, one of the better-known SSRI's. My doctor father often brought prescription drugs that had been returned to him by patients and (as a joke) I had smuggled a bottle of Prozac back to college with me. I decided to try to help Christie by getting her to take a few pills of Prozac before she did Ecstasy.
But she refused to go along. "What if it ruins the high for me? It's not worth it." she argued. In my exasperation I told her that I would try Ecstasy along with Prozac just to prove to her that the drug-induced euphoria wouldn't be compromised. And so I took my first-ever capsule of Ecstasy and a yellow and green pill of Prozac and waited. After a while I started to feel a light-headed and energized. "It's working!" I told her excitedly.
We went out onto the dance floor and could feel my heart thumping faster and faster, but I didn't feel ecstatic like the way everyone else was. I didn't swoon to the techno music or get overwhelmed by sensations of love and connectedness. I knew those kinds of sensations were supposed to be part of the Ecstasy experience and yet I was just feeling jittery. I started to realize that I was feeling effects from the dopamine
and norepinephrine released by Ecstasy but without the serotonin surge. It was a somewhat odd feeling knowing all about the chemicals working inside your head and what each one was probably doing to my body and mood. I was forced to tell Christie that I was not getting the full high. But she didn't act very triumphant. Actually, she seemed pretty disappointed.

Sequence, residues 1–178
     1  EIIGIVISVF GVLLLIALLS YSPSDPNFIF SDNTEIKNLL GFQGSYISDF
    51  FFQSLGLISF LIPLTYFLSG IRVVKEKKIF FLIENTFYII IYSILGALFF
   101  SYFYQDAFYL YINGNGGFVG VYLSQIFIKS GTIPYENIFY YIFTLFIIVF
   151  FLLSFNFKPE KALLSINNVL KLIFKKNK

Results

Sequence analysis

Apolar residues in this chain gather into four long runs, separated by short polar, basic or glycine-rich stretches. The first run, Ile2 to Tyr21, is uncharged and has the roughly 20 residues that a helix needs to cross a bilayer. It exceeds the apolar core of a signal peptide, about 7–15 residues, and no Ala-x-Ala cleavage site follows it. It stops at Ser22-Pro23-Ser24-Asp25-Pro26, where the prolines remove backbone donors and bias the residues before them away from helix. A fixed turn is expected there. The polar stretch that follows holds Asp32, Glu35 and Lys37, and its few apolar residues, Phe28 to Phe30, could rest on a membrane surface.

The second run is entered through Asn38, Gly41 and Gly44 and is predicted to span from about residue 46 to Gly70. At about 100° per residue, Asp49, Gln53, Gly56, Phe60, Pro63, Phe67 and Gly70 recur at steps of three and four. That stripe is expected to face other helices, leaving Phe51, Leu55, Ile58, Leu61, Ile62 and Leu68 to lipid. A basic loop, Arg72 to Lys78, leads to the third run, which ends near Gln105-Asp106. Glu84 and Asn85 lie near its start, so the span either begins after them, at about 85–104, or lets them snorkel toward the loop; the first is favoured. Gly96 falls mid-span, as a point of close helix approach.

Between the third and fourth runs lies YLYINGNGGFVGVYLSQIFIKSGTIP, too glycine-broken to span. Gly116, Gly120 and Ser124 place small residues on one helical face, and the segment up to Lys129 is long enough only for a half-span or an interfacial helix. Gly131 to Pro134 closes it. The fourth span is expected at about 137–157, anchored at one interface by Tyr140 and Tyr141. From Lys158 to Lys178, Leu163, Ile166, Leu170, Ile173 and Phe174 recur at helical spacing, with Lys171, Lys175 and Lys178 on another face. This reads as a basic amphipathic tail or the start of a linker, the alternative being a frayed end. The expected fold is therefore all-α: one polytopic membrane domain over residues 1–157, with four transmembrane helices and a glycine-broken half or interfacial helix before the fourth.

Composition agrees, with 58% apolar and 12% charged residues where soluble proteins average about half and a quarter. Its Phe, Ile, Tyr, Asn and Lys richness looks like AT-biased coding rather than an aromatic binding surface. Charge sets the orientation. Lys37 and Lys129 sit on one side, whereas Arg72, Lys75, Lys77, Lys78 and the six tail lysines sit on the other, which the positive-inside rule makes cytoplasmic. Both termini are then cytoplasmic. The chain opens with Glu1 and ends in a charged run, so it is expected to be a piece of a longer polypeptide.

Later on I met a girl who was taking Prozac and also a rave-goer. She confirmed that Prozac made an Ecstasy high feel different. Not worthless, she said, but different.
There is, in fact, a list of neuro-protective substances such as antioxidants and antibiotics, which alleviate serotonin damage from Ecstasy and probably have minimal effect on the high. For instance, minocycline, a tetracycline derivative, prevents loss of dopamine and serotonin after Ecstasy use. And tryptophan, the precursor of serotonin found in many types of foods, also seems to assuage serotonin depletion. However, none of these neuroprotective substances, including Prozac, are widely known about in the rave culture, although there is awareness that a dangerous side effect of Ecstasy, increased body temperature or hyperthermia, can be avoided by drinking water and staying cool
After a while Christie stopped going to raves completely and resumed her old quiet, more reticent personality. She did seem a lot more moody than she used to be or perhaps I just noticed it more. She once told me she believed her Ecstasy experiences were worth whatever changes the drugs may have wrought on her brain.
It's been ten years since I graduated from college, and yet there is a still deeply rooted controversy over the alleged neurotoxicity of Ecstasy. The Journal of Psychopharmacology
recently devoted an entire issue to this subject and still no real conclusions were made on whether Ecstasy causes long-term memory loss or unipolar depression. Some scientists speculate that the real effects of a few years of chronic Ecstasy use will only become apparent during old age, when risk for depression, memory problems and mood disorders rises precipitately.
I gained only a little from my Ecstasy experience and yet I lost very little, while Christie gained and lost much more, though she won't admit it. So it seems, deep down inside, any person who uses Ecstasy knows what they've gained -- and what they stand to lose.